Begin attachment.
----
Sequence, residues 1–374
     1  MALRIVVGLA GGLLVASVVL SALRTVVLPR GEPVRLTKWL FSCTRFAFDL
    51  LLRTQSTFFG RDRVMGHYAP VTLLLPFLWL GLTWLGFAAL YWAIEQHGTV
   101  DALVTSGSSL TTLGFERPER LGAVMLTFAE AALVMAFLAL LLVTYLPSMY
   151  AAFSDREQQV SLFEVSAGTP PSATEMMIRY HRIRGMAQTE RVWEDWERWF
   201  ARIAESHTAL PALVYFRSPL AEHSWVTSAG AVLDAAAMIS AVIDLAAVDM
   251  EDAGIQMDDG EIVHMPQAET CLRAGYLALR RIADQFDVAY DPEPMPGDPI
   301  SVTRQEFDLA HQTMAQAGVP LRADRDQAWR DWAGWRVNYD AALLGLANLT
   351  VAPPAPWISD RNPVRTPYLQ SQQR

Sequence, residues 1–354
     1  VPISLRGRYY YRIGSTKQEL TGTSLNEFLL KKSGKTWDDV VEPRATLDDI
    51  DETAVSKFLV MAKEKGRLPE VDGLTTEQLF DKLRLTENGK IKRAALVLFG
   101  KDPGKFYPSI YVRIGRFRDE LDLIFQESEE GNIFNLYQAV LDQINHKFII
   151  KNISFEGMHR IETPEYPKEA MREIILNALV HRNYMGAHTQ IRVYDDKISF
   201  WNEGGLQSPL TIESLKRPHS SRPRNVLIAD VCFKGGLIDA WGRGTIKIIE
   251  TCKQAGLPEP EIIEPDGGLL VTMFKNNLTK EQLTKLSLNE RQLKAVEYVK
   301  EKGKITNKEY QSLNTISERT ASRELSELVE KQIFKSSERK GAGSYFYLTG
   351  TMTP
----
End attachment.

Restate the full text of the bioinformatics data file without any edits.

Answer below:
Sequence, residues 1–374
     1  MALRIVVGLA GGLLVASVVL SALRTVVLPR GEPVRLTKWL FSCTRFAFDL
    51  LLRTQSTFFG RDRVMGHYAP VTLLLPFLWL GLTWLGFAAL YWAIEQHGTV
   101  DALVTSGSSL TTLGFERPER LGAVMLTFAE AALVMAFLAL LLVTYLPSMY
   151  AAFSDREQQV SLFEVSAGTP PSATEMMIRY HRIRGMAQTE RVWEDWERWF
   201  ARIAESHTAL PALVYFRSPL AEHSWVTSAG AVLDAAAMIS AVIDLAAVDM
   251  EDAGIQMDDG EIVHMPQAET CLRAGYLALR RIADQFDVAY DPEPMPGDPI
   301  SVTRQEFDLA HQTMAQAGVP LRADRDQAWR DWAGWRVNYD AALLGLANLT
   351  VAPPAPWISD RNPVRTPYLQ SQQR

Sequence, residues 1–354
     1  VPISLRGRYY YRIGSTKQEL TGTSLNEFLL KKSGKTWDDV VEPRATLDDI
    51  DETAVSKFLV MAKEKGRLPE VDGLTTEQLF DKLRLTENGK IKRAALVLFG
   101  KDPGKFYPSI YVRIGRFRDE LDLIFQESEE GNIFNLYQAV LDQINHKFII
   151  KNISFEGMHR IETPEYPKEA MREIILNALV HRNYMGAHTQ IRVYDDKISF
   201  WNEGGLQSPL TIESLKRPHS SRPRNVLIAD VCFKGGLIDA WGRGTIKIIE
   251  TCKQAGLPEP EIIEPDGGLL VTMFKNNLTK EQLTKLSLNE RQLKAVEYVK
   301  EKGKITNKEY QSLNTISERT ASRELSELVE KQIFKSSERK GAGSYFYLTG
   351  TMTP